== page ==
If you are VAT registered and are reclaiming VAT on accommodation or subsistence, you will need to check the VAT receipt you receive to ensure you recover the correct amount.
VAT registered businesses and Making Tax Digital
Legislation enacting the extension of Making Tax Digital (MTD) for VAT was laid before parliament on 7 September. It is confirmed that VAT-registered businesses with a turnover less than £85,000 will be subject to the MTD VAT rules from their first VAT period starting on or after 1 April 2022. This means that all VAT registered businesses will be required to use software to submit their VAT returns from April 2022 onwards. The online portal will be closed. If this affects you, please get in touch with us as soon as possible to discuss the best course of action.
Self-assessment and Making Tax Digital – delayed start
Last week the Government announced a delay to the introduction of MTD for Income Tax. This will now commence from April 2024 instead of April 2023. To start with, it will only apply to a select number of people – landlords and sole traders who have income of more than £10,000. General partnerships will not be required to join until April 2025, while the date for other types of partnerships will be confirmed in the future. This will provide more time for businesses to prepare ahead to accommodate the changes.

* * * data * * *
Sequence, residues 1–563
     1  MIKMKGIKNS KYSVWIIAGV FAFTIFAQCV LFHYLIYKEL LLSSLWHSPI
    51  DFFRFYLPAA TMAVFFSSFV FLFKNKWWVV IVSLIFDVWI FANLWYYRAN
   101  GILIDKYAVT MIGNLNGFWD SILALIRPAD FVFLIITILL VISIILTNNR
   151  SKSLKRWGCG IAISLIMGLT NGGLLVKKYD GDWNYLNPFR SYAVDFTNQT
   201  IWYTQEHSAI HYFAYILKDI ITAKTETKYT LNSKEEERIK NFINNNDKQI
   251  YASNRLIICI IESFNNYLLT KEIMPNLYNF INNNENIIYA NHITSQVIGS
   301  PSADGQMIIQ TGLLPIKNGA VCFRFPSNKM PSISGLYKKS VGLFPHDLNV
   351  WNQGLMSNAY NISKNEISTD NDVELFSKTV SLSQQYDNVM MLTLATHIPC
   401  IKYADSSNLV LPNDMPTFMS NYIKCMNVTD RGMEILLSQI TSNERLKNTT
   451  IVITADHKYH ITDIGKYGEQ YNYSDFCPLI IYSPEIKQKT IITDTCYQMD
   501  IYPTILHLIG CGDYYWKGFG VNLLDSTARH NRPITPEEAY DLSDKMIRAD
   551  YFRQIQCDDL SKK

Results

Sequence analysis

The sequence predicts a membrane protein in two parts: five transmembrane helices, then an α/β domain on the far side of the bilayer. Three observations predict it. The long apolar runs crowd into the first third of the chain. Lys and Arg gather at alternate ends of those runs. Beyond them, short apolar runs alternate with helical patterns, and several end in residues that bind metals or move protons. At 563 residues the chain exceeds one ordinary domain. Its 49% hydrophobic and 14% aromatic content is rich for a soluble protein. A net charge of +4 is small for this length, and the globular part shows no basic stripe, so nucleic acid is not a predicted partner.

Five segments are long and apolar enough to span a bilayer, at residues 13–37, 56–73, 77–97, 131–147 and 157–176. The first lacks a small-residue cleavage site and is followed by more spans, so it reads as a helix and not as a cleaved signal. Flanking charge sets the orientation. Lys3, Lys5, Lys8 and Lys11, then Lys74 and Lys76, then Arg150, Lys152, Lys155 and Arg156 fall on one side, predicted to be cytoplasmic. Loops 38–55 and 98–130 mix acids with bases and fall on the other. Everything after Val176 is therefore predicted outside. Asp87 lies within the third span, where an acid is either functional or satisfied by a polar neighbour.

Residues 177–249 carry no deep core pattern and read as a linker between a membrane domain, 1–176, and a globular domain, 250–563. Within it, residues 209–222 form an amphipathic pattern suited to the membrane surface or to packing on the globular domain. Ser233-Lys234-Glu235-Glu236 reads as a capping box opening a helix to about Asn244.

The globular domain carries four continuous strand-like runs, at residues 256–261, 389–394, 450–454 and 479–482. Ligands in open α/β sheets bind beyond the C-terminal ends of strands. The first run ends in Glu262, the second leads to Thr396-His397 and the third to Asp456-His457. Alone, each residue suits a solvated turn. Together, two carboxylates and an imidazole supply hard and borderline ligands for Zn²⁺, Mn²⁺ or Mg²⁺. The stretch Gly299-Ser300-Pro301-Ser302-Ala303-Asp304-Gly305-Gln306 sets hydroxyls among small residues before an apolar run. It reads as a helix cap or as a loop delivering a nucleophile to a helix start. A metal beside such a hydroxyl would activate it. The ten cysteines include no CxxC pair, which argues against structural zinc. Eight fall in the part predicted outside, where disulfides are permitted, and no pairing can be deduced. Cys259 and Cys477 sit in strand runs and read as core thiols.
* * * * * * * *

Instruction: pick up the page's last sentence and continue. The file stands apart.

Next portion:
One such change being proposed is to the basis periods of assessment for sole traders and partnerships, to bring them in line with the tax year. Currently businesses have the choice of preparing accounts up to any date they choose and the profits from the accounting period that ends in the tax year are used to assess tax for that year. The plan is for this to be changed so that profits are taxed in the tax year in which they arise. The ‘tax year’ can end anytime between 31 March and 5 April. Therefore, anyone using 31 March as their accounting yearend can continue to do so without any change, and profits arising in the year ending 31 March 2025 will be used for the 2024/25 tax year, with no need to apportion for the few days between 1 April – 5 April.
Any sole trader business or partnership that currently uses an accounting year end other than 31 March – 5 April will need to check the transitional arrangements, which will affect both the 2023/24 and 2024/25 tax years. Current proposals suggest that for 2023/24 the business will be taxed on the profits arising in accounting period ending in 2023/24, plus a proportion of their profits from the subsequent accounting year, which could materially affect the tax liability that arises on 31 January 2025. We will keep you updated but if you think this applies to you and wish to discuss, please get in touch.
Need more time to pay your tax?
To date, HMRC have been a bit more lenient with penalties than they usually would, particularly if you have been affected by coronavirus and could not comply with your obligations as a result. If you have been charged a penalty and feel like you have a reasonable excuse, it would be worth writing to HMRC to appeal against it (or ask us to on your behalf).
If you are struggling to find the funds to pay any tax, contact HMRC as soon as possible to arrange a plan. This may help avoid penalties being applied or interest accruing. See here for more information about Time to Pay or you can contact HMRC’s dedicated coronavirus helpline on 0800 024 1222.